|115,911: The number of registered Mohave County voters|
25,232: The number of them who voted Tuesday
21.77: The voter turnout percentage
KINGMAN - By the time the metaphorical smoke cleared Tuesday night, Kingman had a new mayor in Richard Anderson, who won with more than 64 percent of the vote. Anderson tallied 2,392 votes to Councilwoman Erin Cochran's 1,310, a better than 1,000-vote advantage.
Cochran was as gracious in defeat on Wednesday as Anderson was humble in victory the night before, when he lauded Cochran, calling her a good friend.
"I'm fine," said Cochran, who will leave the City Council at the end of the year after one term. "I can't change the outcome and it is what it is."
Cochran said she believes Anderson and the City Council will continue to act in the best interest of the city. She doesn't plan on going anywhere.
"I'm always involved," she said. "I have a lot of projects and organizations that I'm involved in and there's work to be done. I wish Richard the very best of luck."
Councilwoman Jen Miles, appointed to fill a vacancy in 2013, won a full term and Mark Abrams also took one of three seats outright in what turned out to be not one incredibly tight City Council race, but two.
While the results will remain unofficial until the election is canvassed, Abrams pulled in 1,849 votes for a 20.56 percentage of the nearly 9,000 votes cast - while Miles drew nods from 1,846 voters for a 20.52 percentage.
"I'm honored to be chosen by the citizens of Kingman to represent them on the City Council," said Abram, the general manager of Frontier Communications in Kingman.
Miles, who was appointed to fill a vacancy last year following the midterm resignation of Mayor John Salem, was also grateful to the electorate.
"I'm truly appreciative of the support of voters and I look forward to serving the next four years."
Miles said she thinks the new City Council will be "very productive." She said she anticipates working very well with Mayor-elect Anderson and her Council mates when the new members meet for the first time in mid-December, but for now, she has manual labor on her mind.
"I'm going to get my signs gathered," she chuckled.
Meanwhile, the 1,424 votes Kent Simmons earned put him 19 ahead of the 1,405 tallied for Stuart Yocum, 15.83 percent to 15.62 percent, respectively.
Simmons and Yocum head to a runoff in the Nov. 4 general election. Carol Decker-Noli was right behind them with 1,368 votes, or 15.21 percent. Janice Palmer drew a respectable 1,077 votes.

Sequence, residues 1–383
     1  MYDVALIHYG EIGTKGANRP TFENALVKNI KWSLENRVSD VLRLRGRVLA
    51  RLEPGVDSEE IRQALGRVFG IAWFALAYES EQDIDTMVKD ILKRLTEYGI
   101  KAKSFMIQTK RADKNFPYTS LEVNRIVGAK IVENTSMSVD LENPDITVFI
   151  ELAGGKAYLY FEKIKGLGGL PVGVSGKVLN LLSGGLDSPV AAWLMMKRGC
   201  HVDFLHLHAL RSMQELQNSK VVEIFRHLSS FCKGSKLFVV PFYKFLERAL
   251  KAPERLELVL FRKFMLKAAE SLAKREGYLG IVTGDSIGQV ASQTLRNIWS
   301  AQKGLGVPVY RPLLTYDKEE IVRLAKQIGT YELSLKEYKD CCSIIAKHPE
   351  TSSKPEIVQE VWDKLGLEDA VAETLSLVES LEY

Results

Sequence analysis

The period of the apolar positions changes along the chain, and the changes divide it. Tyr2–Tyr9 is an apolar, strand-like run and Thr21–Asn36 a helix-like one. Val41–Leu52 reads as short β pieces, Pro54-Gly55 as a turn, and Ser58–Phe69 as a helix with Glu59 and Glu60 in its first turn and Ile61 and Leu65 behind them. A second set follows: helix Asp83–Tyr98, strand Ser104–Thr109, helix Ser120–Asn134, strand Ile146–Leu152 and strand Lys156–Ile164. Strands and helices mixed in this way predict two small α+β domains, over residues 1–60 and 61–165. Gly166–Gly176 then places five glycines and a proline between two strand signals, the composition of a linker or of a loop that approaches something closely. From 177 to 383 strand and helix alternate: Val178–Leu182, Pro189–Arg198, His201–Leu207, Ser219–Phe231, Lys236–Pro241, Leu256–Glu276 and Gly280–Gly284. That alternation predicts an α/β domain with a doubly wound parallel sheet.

Kingman City Clerk Sydney Muhle cautioned the numbers could change in the City Council race, emphasizing the results are not final.
Another election voters decided at Tuesday's primary was the only contested Mohave County Superior Court judgeship - Division 2. No other judge was challenged.
Derek Carlisle soundly defeated Lake Havasu City attorney Phil Krueger, taking nearly 55 percent of the nearly 15,200 votes cast, 8,317 to 6,803.
Division 2 is located in Lake Havasu City and handles civil and family cases.
The Mohave County Board of Supervisors must now fill the Commissioner Court vacancy Carlisle's election created.
With nearly 10,000 votes, state Rep. Sonny Borrelli, R-Lake Havasu City, took more than twice as many votes as any two of his four Republican competitors outside of Kingman dentist Gina Cobb, who brought in nearly 22 percent of the votes with 6,136. Boulder City Councilman Sam Medrano earned 4,834 votes and Quartzite resident Jennifer Jones garnered 4,080. Lake Havasu City businessman George Schnittgrund earned 3,159 votes.
On the Democratic side, Golden Valley resident Beth Weisser had slightly more votes than Joseph "Joe" Longoria of Kingman, 3,305 to 2,980. Two legislative candidates will be selected Nov. 4.
Cerbat Justice of the Peace John Taylor, a Republican, garnered more than 80 percent of the vote - 2,360 to 542 - against Republican challenger Mervyn Pitchfork Freedom. Ray Cullison will be his constable after defeating Debbie Francis 1,584 to 1,203.
Republican Mike Cobb easily won against Republican Neal Hickerson, 2,414 to 583.
Mohave County Supervisor
Jean Bishop led the field Tuesday in the contest for the Republican nomination for Mohave County Supervisor District 4, beating her two closest rivals by more than 200 votes.
In complete but unofficial returns, Bishop had 1,066 votes, or 27.9 percent of the total. Bishop was appointed to the seat in May to fill the term of the late Joy Brotherton.
Behind her were Travis Lingenfelter (852 votes, 22.3 percent); Ted Roper, (818 votes, 21.4 percent); Bob Boyd (643 votes, 16.9 percent); Jack Posenel (253 votes, 6.6 percent); Bill Keller (93 votes, 2.4 percent); and Al DiCicco (89 votes, 2.3 percent). There were three write-in votes.